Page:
long-term land-use and land-cover scenarios (Alcamo and Schaldach, 2006; Schaldach et al., 2006). The exogenous driving forces of LandSHIFT are demands for area intensive products like agricultural commodities and housing as well as assumptions on policy and socioeconomy. The main model output consists of time series on land-use and land-cover maps and a set of indicators (e.g. area statistics or maps on stocking densities). The modularized structure of the framework facilitates the integration of functional components which represent key elements of the land-use system. The framework's regional application used in this study, called LandSHIFT.R, consists of three functional components: a productivity module for cropland, a productivity module for (semi-)natural vegetation for grazing and a land-use change module, in the following referred to as LUC-module (Fig. 1). The productivity module for cropland is based on a modi?ed version of the ecosystem model DayCent (Parton et al., 1998). The main task of this module is to provide crop yields to the LUC-module. The productivity module for (semi-)natural vegetation is based on the WADISCAPE model (K?chy, 2007; K?chy et al., 2008), which delivers information on current and future stocking capacity and landscape productivity to the LUCmodule. The simulation of future stocking capacity and production of green biomass is performed under the assumption of changing climate conditions and allows for the indirect inclusion of the effects of climate change on the spatial distribution of land use. Within the LUC-module, the demand for area intensive products is regionalized to a raster map. 2.2. The DayCent model Information on the local crop yield of a raster cell is essential to determine the local supply and as a result, the total amount of cells that are required to ful?ll the demand for a speci?c agricultural commodity. Additionally, local productivity serves as a factor within the suitability assessment (see 2.4). We use data on wheat yields

under rain-fed and irrigated conditions for the climate normal (1961– 1990), calculated with a raster version of the ecosystem model DayCent (Stehfest et al., 2007). The DayCent model (Parton et al., 1998) incorporates a detailed representation of plant growth, soil water ?uxes and nutrient dynamics. The yield data is available in grid format with a spatial resolution of 30 arc min and is geographically mapped to the 30 arc sec cells. 2.3. The WADISCAPE model Landscape productivity was simulated with WADISCAPE 3.2.3 (K?chy, 2007; K?chy et al., 2008). WADISCAPE simulates the growth and dispersal of herbs and dwarf shrubs in arti?cial (fractal) wadi landscapes (wadiscapes) of 1.5 km × 1.5 km. Vegetation dynamics are controlled by water availability, which varies with slope angle, aspect, and topographic position. The simulated dynamics are based on validated ?ne-grained models of annuals (K?chy, 2006; K?chy et al., 2008) and dwarf-shrubs (Malkinson and Jeltsch, 2007) and have been scaled up to WADISCAPE's cell size of 5 m × 5 m (Jeltsch et al., 2008). Grazing of the vegetation by small livestock (goats and sheep) is realized by randomly selecting cells and removing biomass (on average 1.35 kg dry matter/animal per day). Cells are selected and grazed until the food demand for the speci?ed stocking density is met. The simulations were run for ?ve slope classes (0°, 10°, 15°, 20°, 30°) with six different arti?cial landscapes in each class to account for the variability of topography. Variation among climatic regions was considered by repeating the simulations for ?ve classes of mean annual precipitation (100, 300, 450, 600, and 800 mm). The annual time series of precipitation, driving the simulations, were sampled from the output of the regional climate model MM5 ((Grell et al., 1995), provided by H. Kunstmann, IMK-IFU, pers. comm). The regional climate model was used with a resolution of 54 km and was driven by the global circulation model ECHAM4 using the A2 scenario.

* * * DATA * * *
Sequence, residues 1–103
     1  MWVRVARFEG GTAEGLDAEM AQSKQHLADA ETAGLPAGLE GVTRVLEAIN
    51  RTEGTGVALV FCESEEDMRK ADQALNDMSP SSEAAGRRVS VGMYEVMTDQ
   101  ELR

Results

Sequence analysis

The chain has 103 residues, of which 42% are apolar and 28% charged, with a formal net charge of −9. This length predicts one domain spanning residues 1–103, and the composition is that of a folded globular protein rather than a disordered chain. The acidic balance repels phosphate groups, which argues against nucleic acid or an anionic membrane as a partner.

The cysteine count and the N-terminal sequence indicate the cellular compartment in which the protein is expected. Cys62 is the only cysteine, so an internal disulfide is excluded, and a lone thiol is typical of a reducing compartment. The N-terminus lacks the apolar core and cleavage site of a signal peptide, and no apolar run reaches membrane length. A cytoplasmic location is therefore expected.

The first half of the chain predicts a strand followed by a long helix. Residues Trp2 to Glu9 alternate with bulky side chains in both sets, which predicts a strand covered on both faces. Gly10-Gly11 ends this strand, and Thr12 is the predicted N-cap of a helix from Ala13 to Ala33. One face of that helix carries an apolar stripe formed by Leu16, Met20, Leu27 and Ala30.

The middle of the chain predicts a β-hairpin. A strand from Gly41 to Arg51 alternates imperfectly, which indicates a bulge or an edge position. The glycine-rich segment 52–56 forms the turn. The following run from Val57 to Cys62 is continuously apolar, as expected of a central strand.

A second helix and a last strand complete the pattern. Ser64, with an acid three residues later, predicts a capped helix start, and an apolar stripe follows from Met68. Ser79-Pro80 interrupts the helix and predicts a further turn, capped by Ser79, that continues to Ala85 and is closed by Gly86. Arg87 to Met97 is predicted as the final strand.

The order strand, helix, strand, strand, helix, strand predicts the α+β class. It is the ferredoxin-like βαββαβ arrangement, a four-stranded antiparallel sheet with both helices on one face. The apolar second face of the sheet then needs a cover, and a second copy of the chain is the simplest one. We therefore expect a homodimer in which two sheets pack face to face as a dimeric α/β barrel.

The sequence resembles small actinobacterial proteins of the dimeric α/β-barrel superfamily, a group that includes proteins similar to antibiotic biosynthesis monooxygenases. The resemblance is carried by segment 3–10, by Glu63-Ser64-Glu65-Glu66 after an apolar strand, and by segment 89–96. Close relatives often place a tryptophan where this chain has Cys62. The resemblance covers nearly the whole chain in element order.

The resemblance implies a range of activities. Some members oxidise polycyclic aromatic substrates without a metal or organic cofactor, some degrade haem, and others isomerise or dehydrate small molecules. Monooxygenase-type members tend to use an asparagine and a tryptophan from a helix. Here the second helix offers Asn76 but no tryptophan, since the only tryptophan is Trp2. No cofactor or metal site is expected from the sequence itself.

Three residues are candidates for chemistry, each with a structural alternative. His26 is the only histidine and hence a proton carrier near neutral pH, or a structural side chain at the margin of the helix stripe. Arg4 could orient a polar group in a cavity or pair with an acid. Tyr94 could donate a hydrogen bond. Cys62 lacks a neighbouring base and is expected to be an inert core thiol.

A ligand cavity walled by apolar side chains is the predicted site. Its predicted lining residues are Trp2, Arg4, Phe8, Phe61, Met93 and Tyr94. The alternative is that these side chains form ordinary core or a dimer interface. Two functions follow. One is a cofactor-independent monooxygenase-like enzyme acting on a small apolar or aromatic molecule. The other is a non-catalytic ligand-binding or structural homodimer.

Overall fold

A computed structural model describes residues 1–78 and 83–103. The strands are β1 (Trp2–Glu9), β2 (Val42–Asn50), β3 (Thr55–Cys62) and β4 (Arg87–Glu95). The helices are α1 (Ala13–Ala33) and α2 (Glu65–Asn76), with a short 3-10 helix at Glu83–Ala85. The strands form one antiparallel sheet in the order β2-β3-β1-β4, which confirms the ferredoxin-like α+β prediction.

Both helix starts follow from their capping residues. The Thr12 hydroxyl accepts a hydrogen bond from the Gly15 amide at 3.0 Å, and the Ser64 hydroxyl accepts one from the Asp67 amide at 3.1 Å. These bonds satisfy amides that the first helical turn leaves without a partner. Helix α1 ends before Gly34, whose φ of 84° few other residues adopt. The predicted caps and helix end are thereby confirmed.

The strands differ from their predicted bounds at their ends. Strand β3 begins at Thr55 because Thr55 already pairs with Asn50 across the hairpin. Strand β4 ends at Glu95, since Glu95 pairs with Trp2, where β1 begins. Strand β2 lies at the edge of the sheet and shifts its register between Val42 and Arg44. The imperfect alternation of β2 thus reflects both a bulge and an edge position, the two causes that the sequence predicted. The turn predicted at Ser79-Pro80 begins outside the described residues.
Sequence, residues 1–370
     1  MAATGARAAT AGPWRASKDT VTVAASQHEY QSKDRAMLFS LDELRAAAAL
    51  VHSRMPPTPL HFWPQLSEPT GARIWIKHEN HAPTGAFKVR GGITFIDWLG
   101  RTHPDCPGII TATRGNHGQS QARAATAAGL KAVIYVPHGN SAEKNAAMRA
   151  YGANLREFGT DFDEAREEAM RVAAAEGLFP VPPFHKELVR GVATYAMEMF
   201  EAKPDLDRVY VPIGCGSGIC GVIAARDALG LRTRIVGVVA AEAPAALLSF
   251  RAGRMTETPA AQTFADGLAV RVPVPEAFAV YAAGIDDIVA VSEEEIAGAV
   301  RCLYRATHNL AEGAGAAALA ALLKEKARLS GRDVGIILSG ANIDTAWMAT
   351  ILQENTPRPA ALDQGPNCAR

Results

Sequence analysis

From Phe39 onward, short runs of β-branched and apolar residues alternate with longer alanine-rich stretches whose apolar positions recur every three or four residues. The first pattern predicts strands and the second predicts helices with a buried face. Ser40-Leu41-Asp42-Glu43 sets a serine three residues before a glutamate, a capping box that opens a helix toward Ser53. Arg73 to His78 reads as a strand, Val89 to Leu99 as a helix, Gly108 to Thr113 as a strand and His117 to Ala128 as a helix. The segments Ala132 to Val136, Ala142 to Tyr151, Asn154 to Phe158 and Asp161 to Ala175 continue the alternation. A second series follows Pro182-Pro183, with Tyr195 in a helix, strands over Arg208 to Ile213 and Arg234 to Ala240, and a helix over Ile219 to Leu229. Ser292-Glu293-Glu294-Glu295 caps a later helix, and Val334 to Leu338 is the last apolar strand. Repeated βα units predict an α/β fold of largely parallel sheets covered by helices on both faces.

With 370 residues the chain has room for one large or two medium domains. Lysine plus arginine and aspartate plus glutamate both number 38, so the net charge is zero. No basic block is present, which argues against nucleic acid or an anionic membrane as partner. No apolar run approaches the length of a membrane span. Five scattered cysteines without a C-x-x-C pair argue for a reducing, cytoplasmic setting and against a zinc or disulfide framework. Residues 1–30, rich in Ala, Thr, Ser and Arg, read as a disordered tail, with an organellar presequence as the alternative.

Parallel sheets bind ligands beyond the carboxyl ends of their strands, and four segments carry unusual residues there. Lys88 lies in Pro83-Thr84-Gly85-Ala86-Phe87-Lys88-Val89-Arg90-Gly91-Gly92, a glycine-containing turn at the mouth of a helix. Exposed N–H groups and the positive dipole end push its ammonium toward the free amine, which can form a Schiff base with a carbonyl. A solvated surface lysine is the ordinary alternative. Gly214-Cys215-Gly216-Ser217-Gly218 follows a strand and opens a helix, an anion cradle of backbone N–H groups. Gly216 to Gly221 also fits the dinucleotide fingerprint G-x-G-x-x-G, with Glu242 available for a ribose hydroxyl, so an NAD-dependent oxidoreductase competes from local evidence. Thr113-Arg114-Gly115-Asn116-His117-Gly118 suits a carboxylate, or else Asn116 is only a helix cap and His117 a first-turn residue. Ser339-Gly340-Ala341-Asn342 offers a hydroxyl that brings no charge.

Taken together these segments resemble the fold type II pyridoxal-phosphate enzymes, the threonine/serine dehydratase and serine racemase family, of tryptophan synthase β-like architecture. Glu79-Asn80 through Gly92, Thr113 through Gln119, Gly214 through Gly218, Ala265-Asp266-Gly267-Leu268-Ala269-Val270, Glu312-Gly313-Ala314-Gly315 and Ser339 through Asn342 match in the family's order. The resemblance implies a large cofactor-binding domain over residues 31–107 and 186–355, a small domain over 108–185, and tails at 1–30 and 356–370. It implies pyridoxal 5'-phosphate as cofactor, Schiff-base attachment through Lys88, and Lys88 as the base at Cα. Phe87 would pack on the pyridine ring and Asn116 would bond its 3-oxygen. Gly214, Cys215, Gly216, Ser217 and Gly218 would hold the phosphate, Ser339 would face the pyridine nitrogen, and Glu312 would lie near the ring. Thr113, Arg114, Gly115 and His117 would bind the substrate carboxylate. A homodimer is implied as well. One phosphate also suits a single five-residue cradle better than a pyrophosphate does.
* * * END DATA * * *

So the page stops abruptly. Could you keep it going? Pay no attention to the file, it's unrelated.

Fig. 1. Schematic representation of LandSHIFT.R. The current model version consists of three modules: a productivity model for cropland, a productivity module for landscape productivity and the LUC-module. The LUC-module is the core element of LandSHIFT.R.

J. Koch et al. / Global and Planetary Change 64 (2008) 177–187